My first day of work consisted of a morning of what is called “roving”. That is, I walked and drove around the Cedar Breaks Monument grounds and interacted with as many visitors as I could. I wasn’t quite prepared for the 10 a.m. geology talk since I have had only a few days training and have only done a small amount of research. Daphne Sewing, who I believe is the Chief Interpreter of the park, gave the talk and had me shadow her. It went well and afterwords I gave several shortened ten minute versions of the talk out on Point Supreme to about fifteen sets of guests.
The afternoon brought snow. Lucky for me, I was mainly in the historic Visitor Center. The Visitor Center is a log cabin complete with a fireplace, built by the Civilian Conservation Corps (CCC) in 1937.
It’s really wild how quickly the weather can change up there. Here are some pics taken at about twenty minute intervals throughout the day. The photos were taken mostly inside the Visitor Center. I also tried to get a couple shots from Point Supreme after work.
I am having problems currently uploading the rest of the snow pictures from my phone. There were some cool ones too. I finally learned how to use the panorama feature. Until they are finished, I am going to take a side step and tell you about a little adventure I had the other day on the Alpine Pond Trail.
It is important to know that out of all the days that I have been up at the Breaks, only one day has been without a significant amount of wind. The sound of the wind is, of course, amplified by the park’s trees: Engelmann Spruce (currently recovering from a natural beetle epidemic); Subalpine Fir; Bristlecone Pine (the oldest one we have in the park is 1,300+ years old!); Limber Pine (extremely flexible); Rocky Mountain Juniper (the Juniper was mistaken for a Cedar, hence: “Cedar Breaks”); and Quaking Aspen. Most of these trees have very interesting stories pertaining to Cedar Breaks, but since we are talking about wind, I’d like to talk about the fascinating Quaking Aspen.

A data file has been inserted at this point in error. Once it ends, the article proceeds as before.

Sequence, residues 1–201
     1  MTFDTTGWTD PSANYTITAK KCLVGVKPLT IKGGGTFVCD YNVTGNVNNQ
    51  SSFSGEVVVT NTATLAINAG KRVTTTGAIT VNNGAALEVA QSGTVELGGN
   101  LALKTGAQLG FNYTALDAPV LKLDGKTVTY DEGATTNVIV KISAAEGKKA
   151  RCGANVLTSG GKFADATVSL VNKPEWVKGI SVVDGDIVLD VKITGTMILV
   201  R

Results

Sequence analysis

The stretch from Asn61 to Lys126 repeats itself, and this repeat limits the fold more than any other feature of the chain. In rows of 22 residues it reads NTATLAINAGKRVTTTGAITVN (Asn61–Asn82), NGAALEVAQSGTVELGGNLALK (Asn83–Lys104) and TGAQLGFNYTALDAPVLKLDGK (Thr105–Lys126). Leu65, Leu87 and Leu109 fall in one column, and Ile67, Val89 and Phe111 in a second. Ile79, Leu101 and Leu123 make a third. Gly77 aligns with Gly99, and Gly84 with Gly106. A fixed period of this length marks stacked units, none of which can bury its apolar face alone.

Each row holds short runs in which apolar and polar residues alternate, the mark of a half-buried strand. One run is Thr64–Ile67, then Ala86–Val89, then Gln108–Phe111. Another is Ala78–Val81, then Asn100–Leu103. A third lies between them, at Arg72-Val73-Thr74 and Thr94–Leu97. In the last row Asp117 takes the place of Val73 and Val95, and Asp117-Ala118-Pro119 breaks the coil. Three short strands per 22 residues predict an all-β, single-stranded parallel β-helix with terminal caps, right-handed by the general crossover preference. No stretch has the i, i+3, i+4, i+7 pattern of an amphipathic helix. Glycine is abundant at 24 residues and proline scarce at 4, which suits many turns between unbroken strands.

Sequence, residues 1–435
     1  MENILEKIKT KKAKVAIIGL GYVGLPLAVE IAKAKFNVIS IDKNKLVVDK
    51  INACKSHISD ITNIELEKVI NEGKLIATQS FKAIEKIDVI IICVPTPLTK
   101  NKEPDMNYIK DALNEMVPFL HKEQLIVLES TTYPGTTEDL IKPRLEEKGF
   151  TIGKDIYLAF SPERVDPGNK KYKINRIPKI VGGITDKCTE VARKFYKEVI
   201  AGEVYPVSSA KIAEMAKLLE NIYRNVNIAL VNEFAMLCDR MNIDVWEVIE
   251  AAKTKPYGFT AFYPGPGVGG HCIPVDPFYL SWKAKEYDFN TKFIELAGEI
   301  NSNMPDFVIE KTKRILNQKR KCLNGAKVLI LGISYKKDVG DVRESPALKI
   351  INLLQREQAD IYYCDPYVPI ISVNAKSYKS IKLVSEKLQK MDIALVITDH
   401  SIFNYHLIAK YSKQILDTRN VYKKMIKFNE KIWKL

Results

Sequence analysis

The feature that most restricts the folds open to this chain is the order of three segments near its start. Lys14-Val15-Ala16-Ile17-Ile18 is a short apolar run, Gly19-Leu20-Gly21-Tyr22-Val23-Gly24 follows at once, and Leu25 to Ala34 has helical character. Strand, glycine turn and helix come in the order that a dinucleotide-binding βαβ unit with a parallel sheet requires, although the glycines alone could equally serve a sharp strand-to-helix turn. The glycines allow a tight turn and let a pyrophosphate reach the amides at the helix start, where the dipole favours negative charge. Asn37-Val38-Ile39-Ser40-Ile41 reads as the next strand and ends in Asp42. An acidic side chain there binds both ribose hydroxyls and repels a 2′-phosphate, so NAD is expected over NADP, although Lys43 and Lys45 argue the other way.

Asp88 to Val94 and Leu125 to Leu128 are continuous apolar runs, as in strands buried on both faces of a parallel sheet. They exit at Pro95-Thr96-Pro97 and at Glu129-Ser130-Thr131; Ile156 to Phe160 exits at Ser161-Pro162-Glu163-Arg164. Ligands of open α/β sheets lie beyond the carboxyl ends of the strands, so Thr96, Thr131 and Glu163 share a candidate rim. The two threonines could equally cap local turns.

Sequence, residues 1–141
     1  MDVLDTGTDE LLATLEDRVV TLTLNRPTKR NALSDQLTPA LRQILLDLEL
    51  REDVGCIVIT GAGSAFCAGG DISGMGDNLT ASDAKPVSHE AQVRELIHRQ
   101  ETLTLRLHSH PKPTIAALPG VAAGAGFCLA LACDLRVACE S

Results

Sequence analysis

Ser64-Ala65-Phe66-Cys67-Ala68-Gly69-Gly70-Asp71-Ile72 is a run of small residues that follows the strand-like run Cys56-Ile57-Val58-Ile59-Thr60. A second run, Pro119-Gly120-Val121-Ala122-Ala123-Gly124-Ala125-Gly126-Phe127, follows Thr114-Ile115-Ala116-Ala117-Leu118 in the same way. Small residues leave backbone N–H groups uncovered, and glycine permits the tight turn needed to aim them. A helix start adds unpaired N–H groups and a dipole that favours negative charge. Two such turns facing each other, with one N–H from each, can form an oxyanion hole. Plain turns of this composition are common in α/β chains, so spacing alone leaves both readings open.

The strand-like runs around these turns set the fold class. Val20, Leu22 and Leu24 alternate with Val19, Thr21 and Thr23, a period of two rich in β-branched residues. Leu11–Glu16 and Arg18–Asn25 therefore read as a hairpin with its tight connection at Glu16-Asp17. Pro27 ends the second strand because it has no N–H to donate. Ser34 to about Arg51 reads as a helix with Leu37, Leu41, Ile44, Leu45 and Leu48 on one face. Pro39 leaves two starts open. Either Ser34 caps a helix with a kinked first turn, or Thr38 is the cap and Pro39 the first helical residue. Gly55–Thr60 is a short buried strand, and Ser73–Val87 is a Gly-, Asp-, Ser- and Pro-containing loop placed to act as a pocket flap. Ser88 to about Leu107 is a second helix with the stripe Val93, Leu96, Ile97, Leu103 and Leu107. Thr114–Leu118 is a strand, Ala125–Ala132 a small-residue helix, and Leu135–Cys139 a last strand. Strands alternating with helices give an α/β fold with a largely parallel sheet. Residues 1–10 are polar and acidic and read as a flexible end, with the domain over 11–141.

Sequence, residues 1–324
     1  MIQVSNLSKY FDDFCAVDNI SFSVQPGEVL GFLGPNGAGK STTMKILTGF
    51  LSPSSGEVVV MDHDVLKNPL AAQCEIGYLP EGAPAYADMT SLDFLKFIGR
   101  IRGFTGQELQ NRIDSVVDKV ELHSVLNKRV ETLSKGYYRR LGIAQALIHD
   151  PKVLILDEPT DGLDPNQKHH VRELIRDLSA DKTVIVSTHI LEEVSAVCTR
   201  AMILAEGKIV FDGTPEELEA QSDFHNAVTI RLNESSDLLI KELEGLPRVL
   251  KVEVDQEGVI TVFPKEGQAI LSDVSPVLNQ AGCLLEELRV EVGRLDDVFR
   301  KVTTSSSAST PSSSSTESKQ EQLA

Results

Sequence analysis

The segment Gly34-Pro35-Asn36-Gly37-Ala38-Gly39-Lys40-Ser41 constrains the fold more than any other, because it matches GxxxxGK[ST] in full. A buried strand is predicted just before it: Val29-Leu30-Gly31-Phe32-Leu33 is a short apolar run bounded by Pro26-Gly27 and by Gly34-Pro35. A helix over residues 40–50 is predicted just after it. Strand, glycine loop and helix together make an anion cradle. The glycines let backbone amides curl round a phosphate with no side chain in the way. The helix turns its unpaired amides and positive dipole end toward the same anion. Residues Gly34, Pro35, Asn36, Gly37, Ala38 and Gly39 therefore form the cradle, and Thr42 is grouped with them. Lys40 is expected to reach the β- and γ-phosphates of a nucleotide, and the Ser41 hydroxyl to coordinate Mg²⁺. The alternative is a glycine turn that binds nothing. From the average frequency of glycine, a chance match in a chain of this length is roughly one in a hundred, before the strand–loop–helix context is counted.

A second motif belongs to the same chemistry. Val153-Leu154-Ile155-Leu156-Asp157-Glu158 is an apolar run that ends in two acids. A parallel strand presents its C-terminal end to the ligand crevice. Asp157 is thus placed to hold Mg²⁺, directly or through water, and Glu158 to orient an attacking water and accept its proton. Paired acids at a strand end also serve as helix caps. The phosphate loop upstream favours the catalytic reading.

Quaking Aspens a-sexually clone from a single shared root system, meaning most Aspens seen clustered together are all shoots from a single root system and are identical clones of each other. They do also send out seeds, however, this cloning feature seems to be the primary source of reproduction.
What has me most intrigued and what is most relevant to this little story is the Quaking Aspen leaf. It is shaped in such a way that even the slightest breeze causes the leaves of this tree to make a tremendous amount of noise. The noise sounds very similar to ocean waves. I didn’t realize how loud this sound was until the wind completely died down as I was hiking the Alpine Pond Trail, which is littered with snow, dead Engelmann Spruce (the beetle epidemic of the Engelmann Spruce is a great discussion for another day), and scattered chert (rock used by native americans to make tools) and obsidian rock (black volcanic glass).
I finally got the pictures to upload. Here are a few panoramas, some from inside the Visitors Center and some from outside.
I also took a few pictures of my place of residence.
I got a chance to meet my neighbors; a sweet young couple, Daisy and Ben.
That’s probably more than enough for one day. Oh, one last thing, here’s a pic from Chessman Lookout next to the Alpine Pond Trailhead.
I won’t be around for a week. I will be somewhere in the Parashant National Monument part of the Grand Canyon.